3.
Int J Rheum Dis ; 2022.
Article in English | Web of Science | ID: covidwho-2161502

ABSTRACT

A female 17-year-old diagnosed with seronegative spondyloarthritis (SpA) following the first jab of the BioNTech162b2 (BNT162b2) vaccine presented with recurrent swelling and painful knee accompanied by posterior heel tenderness over the past 1.5 months. Laboratory investigations revealed elevated serum erythrocyte sedimentation rate and C-reactive protein. Synovial aspiration yielded level 3 crystal-free, aseptic and inflammatory effusion. She tested positive for the human leukocyte antigen-B27 and was diagnosed with peripheral SpA. She received daily celecoxib (400 mg), methylprednisolone (8 mg), and sulfasalazine (2 g), but the effect was limited. Nonetheless, her symptoms improved significantly with weekly subcutaneous etanercept administration (50 mg). Four weeks later, her arthritis was completely resolved. To our knowledge, this is the first case report of newly diagnosed seronegative peripheral SpA in an autoimmunity-disease-free individual following messenger RNA BNT coronavirus disease 2019 vaccination.

7.
Journal of Clinical Oncology ; 40(16), 2022.
Article in English | EMBASE | ID: covidwho-2009530

ABSTRACT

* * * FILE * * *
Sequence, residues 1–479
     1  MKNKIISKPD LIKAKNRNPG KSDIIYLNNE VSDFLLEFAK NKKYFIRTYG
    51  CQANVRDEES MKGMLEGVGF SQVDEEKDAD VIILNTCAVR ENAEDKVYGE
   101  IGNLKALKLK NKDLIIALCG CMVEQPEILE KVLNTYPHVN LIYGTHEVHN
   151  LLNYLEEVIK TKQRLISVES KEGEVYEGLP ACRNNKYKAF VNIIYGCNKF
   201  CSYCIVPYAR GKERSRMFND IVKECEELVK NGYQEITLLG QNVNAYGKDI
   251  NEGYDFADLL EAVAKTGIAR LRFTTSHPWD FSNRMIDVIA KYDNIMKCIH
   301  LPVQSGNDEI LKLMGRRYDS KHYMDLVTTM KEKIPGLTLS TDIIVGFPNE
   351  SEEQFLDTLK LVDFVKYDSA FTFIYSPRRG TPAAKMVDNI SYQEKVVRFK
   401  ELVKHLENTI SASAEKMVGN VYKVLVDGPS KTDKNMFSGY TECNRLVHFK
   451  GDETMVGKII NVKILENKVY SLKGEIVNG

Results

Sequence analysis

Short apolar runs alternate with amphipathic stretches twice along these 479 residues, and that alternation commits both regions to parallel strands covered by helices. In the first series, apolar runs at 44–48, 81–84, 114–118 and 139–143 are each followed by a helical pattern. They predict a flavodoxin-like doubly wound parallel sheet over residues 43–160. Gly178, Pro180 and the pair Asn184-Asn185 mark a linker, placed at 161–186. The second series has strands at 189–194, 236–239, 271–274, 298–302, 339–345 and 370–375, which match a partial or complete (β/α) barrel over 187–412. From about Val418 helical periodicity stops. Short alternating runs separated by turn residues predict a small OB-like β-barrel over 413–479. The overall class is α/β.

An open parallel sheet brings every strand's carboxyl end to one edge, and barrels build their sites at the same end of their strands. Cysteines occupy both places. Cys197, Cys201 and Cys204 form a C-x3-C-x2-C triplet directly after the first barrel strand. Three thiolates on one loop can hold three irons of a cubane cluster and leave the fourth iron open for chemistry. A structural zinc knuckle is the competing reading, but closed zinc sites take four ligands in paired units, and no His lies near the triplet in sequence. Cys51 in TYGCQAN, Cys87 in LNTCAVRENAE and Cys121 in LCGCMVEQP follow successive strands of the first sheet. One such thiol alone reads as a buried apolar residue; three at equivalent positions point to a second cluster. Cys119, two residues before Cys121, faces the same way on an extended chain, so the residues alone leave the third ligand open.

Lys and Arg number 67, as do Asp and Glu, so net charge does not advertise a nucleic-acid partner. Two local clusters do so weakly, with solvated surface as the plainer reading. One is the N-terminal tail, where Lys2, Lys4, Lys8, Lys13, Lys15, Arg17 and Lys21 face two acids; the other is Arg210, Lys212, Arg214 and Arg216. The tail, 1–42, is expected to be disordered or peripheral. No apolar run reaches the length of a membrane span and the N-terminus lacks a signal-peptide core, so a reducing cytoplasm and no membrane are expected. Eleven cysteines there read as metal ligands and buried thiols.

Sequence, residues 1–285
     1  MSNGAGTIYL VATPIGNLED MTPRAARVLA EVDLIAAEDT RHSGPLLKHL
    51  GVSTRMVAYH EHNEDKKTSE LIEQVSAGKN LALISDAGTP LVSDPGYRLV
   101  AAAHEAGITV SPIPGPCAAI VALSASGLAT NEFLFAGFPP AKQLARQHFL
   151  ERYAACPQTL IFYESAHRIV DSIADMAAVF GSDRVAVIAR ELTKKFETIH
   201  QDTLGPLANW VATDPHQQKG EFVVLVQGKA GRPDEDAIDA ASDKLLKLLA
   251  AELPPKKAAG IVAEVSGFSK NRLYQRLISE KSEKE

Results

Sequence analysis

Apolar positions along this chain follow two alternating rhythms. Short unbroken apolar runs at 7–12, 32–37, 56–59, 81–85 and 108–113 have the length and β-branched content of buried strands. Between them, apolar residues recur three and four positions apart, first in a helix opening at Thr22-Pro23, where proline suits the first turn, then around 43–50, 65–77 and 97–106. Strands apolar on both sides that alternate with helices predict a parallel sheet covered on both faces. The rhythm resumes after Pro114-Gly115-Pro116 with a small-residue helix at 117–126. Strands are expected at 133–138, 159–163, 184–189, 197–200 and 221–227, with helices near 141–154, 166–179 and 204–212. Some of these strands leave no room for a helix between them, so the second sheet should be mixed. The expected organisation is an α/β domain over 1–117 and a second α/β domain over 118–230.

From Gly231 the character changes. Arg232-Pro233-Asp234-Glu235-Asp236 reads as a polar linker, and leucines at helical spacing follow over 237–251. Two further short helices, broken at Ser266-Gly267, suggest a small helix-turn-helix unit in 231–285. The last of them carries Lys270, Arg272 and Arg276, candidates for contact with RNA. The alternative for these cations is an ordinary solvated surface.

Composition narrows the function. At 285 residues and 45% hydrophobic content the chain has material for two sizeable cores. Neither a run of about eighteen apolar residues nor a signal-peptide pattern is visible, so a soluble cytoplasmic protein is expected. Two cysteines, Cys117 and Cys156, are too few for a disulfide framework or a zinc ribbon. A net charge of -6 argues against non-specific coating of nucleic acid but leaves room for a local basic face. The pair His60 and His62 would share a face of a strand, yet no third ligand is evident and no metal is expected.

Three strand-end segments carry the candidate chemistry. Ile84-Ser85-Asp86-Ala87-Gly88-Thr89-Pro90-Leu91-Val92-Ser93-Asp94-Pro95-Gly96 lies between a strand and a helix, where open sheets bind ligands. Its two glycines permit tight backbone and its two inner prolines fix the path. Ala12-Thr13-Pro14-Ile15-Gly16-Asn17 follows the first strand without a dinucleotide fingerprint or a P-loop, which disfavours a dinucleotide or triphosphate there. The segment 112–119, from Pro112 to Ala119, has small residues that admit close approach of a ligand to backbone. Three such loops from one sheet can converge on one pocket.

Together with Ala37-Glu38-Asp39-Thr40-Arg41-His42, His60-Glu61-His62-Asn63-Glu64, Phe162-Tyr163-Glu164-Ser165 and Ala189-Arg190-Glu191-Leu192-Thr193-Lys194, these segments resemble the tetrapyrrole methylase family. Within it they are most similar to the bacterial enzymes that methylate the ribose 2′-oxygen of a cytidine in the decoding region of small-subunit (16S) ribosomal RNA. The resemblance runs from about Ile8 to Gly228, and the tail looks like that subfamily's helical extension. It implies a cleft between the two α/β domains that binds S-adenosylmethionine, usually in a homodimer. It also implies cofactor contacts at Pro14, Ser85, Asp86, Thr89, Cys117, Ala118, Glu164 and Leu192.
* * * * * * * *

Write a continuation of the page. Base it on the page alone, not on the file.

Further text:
Background: Patients with cancer have worse outcomes from COVID-19 infection. However, the specific impact of COVID-19 on patients with (HNC) is largely unknown. The COVID-19 and Cancer Consortium (CCC19) maintains an international registry (NCT04354701) aimed to investigate the clinical course and complications of COVID-19 in patients with cancer. Here, we report severity of COVID-19 and its complications among HNC patients. Methods: The CCC19 registry was queried for patients with HNC and laboratory confirmed SARS-CoV-2 infection. The co-primary outcomes were severity of COVID-19 illness on an ordinal scale (0: no complications;1: hospitalized, no oxygen (O2);2: hospitalized, required O2;3: ICU admission;4: mechanical ventilation (MV);5: death), and severity of complications (mild, moderate, serious). The outcomes were further stratified by demographics, recent treatment (systemic vs local;surgery, radiation (RT) vs systemic), treatment intent (palliative vs curative), and cancer status (remission, responding, stable, progressing). Results: From March 2020 to December 2021, 356 HNC patients were identified. Median age was 65 (interquartile range 58-74), 29% were female, 56% were white, 67% were former or current smokers, 20% had a BMI >30, 15% had an ECOG performance status >2, and 57% had >2 comorbidities. 154 (43%) had no complications, 61 (17%) were hospitalized without O2, 135 (38%) were hospitalized with O2, 50 (14%) required ICU, 32 (9%) required MV, and 74 (21%) died. 88 (25%) had mild, 59 (17%) had moderate, and 132 (37%) had serious complications. 33% of patients who received systemic therapy and 30% who received RT within 3 mo prior to COVID-19 diagnosis died. Mortality was higher in patients receiving palliative when compared to curative intent treatment (44% vs 16%). In addition, 50% of patients with actively progressing cancer, and 45% who had serious complications died. Importantly, 37 (n=12 palliative systemic therapy and n=25 local therapy) patients had a treatment delay due to COVID-19 diagnosis. Conclusions: Our study is the largest cohort to date describing COVID-19 outcomes in HNC patients and suggest a high rate of mortality even in those receiving local and curative intent treatment. Variables stratified by COVID-19 severity. Note: Ordinal levels 3 and 4 not shown due to small case numbers.